New Zealand School of Dance classical ballet students Joshua Linkhorn and Patrick Nawalowalo McCrory. Photo by Stephen A’Court.

The New Zealand School of Dance (NZSD) is proud to announce its highly anticipated Performance Season, showcasing the extraordinary talent of its students. With two alternating programmes of ballet and contemporary dance, this season promises to captivate audiences with outstanding choreography and breath-taking performances. 

In these specially curated programmes, students from across the School’s three year groups will showcase their artistry in an impressive repertoire of legacy pieces, collaborations with inventive choreographers, premieres and commissions.  

The ballet programme features captivating works from three renowned American choreographers, staged by former Ballet Master for San Francisco Ballet, Betsy Erickson.  

Acclaimed dance maker Val Caniparoli will be represented by his quirky, playful Street Songs and intense duet, Double Stop.  Former Artistic Director of San Francisco Ballet, Helgi Tomasson’s Meistens Mozart is sweet and charming, while Lew Christensen’s Vivaldi Concerto Grosso is an inventive, neo-classical gem that has not been performed previously by the School. 

New Zealand School of Dance contemporary dance student Aleeya McFadyen-Rew. Photo by Stephen A’Court

Expressing his excitement about this year’s programme, NZSD Director Garry Trinder said, “Coming out of Covid, we wanted to use this year’s ballet programme to reconnect with some of the international choreographers and répétiteurs we have long been associated with. This year’s programme comprises three works that have proven to be enduring and popular with our audiences, as well as a work that will be new to us, offering a fresh and invigorating challenge to our students.” 

In the world of contemporary dance, we take great pride in the involvement of our talented NZSD graduates, who are both re-staging existing works and creating new ones.  

Former Australian DMEDance Theatre Artistic Director, Garry Stewart, presents his enthralling creation, The Beginning of Nature. This powerful work explores the intricate relationship between humanity and the natural world, leaving audiences captivated by its thought-provoking narrative.  

The programme will also feature a revival of Australian Amber Haines’ critically acclaimed 2016 work, Incant. Haines’ piece delves into the depths of human emotion, inviting viewers on a mesmerising and intriguing journey.  

Lauded New Zealand choreographer Ross McCormack will be creating a new work alongside commissions from NZSD graduates, Felix Sampson and Kit Reilly, highlighting the School’s commitment to expanding the boundaries of contemporary dance.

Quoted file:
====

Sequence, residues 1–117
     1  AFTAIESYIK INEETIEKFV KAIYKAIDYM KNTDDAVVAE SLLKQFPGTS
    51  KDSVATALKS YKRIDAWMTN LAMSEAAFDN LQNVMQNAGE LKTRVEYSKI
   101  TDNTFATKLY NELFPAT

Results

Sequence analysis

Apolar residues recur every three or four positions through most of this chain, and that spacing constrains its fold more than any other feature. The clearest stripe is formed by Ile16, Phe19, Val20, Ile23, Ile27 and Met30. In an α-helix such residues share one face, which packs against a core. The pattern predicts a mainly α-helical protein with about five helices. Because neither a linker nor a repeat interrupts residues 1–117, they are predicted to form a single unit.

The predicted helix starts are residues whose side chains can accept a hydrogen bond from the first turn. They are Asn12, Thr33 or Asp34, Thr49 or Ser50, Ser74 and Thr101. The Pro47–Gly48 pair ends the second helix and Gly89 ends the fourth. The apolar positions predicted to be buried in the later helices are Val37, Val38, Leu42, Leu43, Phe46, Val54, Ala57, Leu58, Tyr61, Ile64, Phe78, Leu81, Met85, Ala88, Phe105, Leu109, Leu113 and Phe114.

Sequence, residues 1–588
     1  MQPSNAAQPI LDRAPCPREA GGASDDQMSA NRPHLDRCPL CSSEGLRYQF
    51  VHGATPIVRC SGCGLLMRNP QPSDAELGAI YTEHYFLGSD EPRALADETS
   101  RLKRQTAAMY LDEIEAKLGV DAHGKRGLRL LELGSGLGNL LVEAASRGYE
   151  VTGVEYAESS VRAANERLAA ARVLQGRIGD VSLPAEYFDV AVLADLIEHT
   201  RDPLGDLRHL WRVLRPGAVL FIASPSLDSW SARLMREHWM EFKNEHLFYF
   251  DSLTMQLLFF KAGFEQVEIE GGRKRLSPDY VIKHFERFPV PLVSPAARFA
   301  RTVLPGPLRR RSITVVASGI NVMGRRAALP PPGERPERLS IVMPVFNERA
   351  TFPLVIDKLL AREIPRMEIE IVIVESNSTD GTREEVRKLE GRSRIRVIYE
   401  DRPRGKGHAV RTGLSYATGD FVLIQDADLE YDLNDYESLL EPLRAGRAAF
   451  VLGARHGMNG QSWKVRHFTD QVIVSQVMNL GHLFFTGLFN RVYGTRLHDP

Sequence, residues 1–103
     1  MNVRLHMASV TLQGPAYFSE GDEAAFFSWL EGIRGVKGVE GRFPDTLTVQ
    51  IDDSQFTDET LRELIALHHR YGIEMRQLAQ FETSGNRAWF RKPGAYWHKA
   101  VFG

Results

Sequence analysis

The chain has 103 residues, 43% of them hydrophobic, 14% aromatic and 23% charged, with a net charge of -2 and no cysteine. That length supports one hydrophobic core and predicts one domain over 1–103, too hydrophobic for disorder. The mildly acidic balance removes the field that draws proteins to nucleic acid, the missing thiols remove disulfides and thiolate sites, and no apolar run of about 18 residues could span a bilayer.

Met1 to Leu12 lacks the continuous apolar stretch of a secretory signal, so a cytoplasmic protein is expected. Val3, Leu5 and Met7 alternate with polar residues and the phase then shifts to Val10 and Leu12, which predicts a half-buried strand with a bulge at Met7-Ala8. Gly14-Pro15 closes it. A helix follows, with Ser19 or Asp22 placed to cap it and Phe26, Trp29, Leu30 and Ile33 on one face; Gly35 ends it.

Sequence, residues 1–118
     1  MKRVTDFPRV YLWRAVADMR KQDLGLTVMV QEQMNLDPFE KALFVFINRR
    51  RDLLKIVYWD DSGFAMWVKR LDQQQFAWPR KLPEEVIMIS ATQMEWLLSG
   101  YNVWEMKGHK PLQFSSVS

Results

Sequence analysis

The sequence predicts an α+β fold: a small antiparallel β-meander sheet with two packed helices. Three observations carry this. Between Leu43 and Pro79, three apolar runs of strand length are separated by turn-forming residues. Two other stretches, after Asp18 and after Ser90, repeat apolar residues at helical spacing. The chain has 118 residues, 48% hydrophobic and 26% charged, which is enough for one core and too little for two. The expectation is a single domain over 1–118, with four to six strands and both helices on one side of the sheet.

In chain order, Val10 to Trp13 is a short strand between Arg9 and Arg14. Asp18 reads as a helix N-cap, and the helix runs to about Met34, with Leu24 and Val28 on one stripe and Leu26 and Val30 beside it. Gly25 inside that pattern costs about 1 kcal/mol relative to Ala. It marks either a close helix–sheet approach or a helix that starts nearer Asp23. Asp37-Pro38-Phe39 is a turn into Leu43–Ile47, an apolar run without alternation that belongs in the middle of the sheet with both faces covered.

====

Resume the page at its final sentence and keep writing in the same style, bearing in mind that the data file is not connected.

Performance Season at Southward Theatre and Te Whaea: National Dance & Drama Centre
16 Nov – 2 Dec 2023. Tickets from $19 – $42 are available at 

Sharni Spencer

‘Find the fun and enjoyment in what you do; It’s important to work out why you dance, what makes you tick’

Sharni Spencer and Pedro Cassiano for the New Zealand School of Dance – 2007. Photo credit: Stephen A’Court.

NZSD graduate, Sharni Spencer, was born in Lismore NSW and grew up in Tamworth and Newcastle. She began dance classes at three years old and studied at Sally Kefts School of Dance and Marie Walton Mahon Dance Academy before joining the New Zealand School of Dance. Sharni joined The Australian Ballet at the beginning of 2008 and was promoted to Coryphée in 2012. She was the recipient of the Khitercs Hirai Foundation Scholarship in 2012, and used it to spend three months rehearsing and performing Giselle with Dutch National Ballet. She was promoted to Soloist in 2017, to Senior Artist in 2020, and then to Principal Artist in 2022.

What’s your highlight from your time at the New Zealand School of Dance?

I have to say picking a highlight is hard! I have such fond memories of the 2 years I spent at NZSD. I really appreciated the positive and supportive environment. Once you join a professional company, you realise the luxury of time you had at school to work on things!  It’s such a huge time of growth, and so important to be able to experiment, fail and discover. It was also a really special time to bond with my year group. You are on a real journey of ups and downs together; for most of us, we were away from home and learning how to cook and care for ourselves, alongside all the dancing. 

A particularly memorable highlight for me was performing Romeo and Juliet Balcony Pas de Deux from Sir Kenneth MacMillan’s Romeo and Juliet, with former NZSD graduate, dancer and now choreographer Craig Davidson.

Why did you audition for NZSD?

I auditioned to join NZSD because my dance teacher, Marie Walton Mahon, said this was a great school. I had recently returned from overseas after completing a term at Elmhurst School for Dance in Birmingham. It wasn’t the right fit for me at the time, and I left feeling a bit unsure of what direction to take and whether I should continue with dancing at all.

I took a class back at my dance school in Australia and realised how much I loved dancing and made the decision to continue with dancing. Marie suggested New Zealand School of Dance might be a better fit, so I packed my bags and headed over to audition last minute with the 1st Yrs who were beginning in 2006. It fortunately, turned out that after auditioning, I could start immediately!

What inspires you to dance and move? 

Music always inspires me and moves me to dance. I also love the physicality of dancing and the nitty-gritty of the work day in and day out. I love to perform, how it makes me feel and how freeing it can be to get lost in the movement or a story, but it’s the rehearsal process really makes the performance satisfying for me. I also love that there is no end to learning; there are so many aspects to dance that you are constantly inspired. 

What have been your highlights since graduating from NZSD?